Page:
Simpson  Thomas

The main merchant of the Hudson’s company.
Born in Dingval, Rosshire, Ireland, he was educated at King's College in Aberdeen. Simpson could make a brilliant career at the University of Aberdeen, but at the end of his studies he left for Canada and entered the service of the Hudson company. In it the thirst for travel prevailed. He set himself a goal no more and no less than the opening of the Northwest Passage.
In 1837–1839 Simpson, together with P. Dease for the Company's money, made a trip, the purpose of which was to explore the North American coast in two more unexplored areas: the west - between Cape Barrow and Cape Povorny in the eastern part of the Huda River Delta, which in 1821 reached J. Franklin, and east - between the mouth of the river Mednorudnaya and the peninsula of Butia.
In 1837, they descended from Fort Chipevayan on Lake Athabasca along the Great Slave and Mackenzie Rivers, reached the sea and walked west along the coast, breaking 500 km - more than the J. Franklin party in 1826.
After wintering in 1837–1838 on the shore of Lake Bolshoi Medvezhiy, in the spring the expedition headed towards the Mednorudnaya estuary. From it went to the east, circled around Cape Barrow and passed the area of research of J. Franklin in 1821. Walking along the coast, we saw the island of Victoria in the north.
After wintering again on the shore of the Great Bear Lake in the following 1839, the boats “Castor” and “Pollux” with good ice conditions passed to the mouth of the Big Fish River, studied by J. Bak in 1833–1835, and further to the mouth of a small river the southern part of the peninsula Butiya, calling it Castor and Pollux. On the way back, we visited King William Island, where after nine years Franklin's expedition would find its end.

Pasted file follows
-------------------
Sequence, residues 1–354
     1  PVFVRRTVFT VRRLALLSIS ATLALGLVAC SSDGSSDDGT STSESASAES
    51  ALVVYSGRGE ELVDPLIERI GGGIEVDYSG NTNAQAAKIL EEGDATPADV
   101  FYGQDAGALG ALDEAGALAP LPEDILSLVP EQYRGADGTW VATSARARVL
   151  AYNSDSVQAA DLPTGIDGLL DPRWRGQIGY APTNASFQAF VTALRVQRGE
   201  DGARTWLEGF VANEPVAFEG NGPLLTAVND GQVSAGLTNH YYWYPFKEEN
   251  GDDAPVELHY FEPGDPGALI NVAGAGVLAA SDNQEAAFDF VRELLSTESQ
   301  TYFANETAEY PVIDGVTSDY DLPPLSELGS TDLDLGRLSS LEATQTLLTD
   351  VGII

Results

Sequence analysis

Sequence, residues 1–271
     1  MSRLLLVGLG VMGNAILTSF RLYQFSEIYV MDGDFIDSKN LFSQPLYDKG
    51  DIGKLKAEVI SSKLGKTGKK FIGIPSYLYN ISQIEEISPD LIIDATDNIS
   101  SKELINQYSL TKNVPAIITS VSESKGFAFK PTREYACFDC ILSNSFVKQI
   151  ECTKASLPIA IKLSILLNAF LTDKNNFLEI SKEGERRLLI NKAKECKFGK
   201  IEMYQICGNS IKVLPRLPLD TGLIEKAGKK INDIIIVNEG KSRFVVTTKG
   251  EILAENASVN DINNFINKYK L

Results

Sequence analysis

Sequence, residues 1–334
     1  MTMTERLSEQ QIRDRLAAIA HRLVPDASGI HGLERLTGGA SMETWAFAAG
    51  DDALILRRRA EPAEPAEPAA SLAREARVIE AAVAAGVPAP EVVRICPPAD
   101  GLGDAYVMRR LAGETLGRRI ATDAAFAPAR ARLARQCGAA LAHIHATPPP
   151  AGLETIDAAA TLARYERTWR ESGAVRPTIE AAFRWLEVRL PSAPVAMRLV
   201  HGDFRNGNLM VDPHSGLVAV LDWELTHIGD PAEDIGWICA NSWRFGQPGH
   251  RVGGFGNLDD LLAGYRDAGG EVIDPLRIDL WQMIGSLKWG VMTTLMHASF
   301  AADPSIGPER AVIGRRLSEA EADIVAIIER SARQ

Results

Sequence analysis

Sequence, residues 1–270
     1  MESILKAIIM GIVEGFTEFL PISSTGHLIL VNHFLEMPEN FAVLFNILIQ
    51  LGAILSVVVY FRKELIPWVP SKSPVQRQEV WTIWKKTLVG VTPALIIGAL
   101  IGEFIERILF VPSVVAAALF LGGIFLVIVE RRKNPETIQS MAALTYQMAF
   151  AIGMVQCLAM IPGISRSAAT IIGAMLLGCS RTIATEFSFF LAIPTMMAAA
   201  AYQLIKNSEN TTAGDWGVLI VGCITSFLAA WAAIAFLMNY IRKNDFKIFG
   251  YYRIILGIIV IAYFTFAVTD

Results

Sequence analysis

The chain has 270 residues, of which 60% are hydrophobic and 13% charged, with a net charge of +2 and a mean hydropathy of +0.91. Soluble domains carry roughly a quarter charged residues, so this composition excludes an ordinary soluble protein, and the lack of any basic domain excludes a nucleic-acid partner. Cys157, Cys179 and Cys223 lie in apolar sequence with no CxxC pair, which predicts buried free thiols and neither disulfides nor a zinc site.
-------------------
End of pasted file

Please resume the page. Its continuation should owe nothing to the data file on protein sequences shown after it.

The Simpson and Dis expedition traveled 2,400 km in boats, which was a record for the Arctic. The results are superior to what was achieved by their predecessors in the area. Although the Royal Geographical Society awarded Simpson with a gold medal, their remarkable achievements were not duly noted. They were looked upon as simple industrialists, not having the right to stand on a par with naval officers.
Simpson's end was tragic.

There are three main competing points of view on the circumstances of his death: 1) official - while in an insane state, Simpson killed two of his comrades, and then committed suicide. 2) conspiracy theories: Simpson's comrades killed him, possibly for his documents, and then concealed the crime. 3) shootout theory - Simpson attacked his comrades, killing two, but then was shot by others, who came up with a story of suicide because they were afraid that his fame could lead to accusations against them.

Simpson was buried in a nameless grave in Canada.
Peninsula east of the peninsula Butiya. Discovered by J. Rae in 1846–1847.
Cape on the north coast of Alaska near Cape Barrow. Discovered in 1837 by the expedition of Dease – Simpson.
Cape in the east of Herschel Island off the coast of North America in the Beaufort Sea.

Cape in the south of Committi Bay on the northern coast of Canada.

The cliff to the west of Queen Maud Bay in northern Canada in the Beaufort Sea.

A bay in the southwest of the island of Victoria in the Canadian Arctic Archipelago.

A lagoon in the Beaufort Sea between the mainland and the Jones Islands east of the longitude 150° W.

Lake northwest of Big Bear Lake.
A lake in northern Canada west of Pelly Bay.

The strait separating keenly King William from the North American continent.


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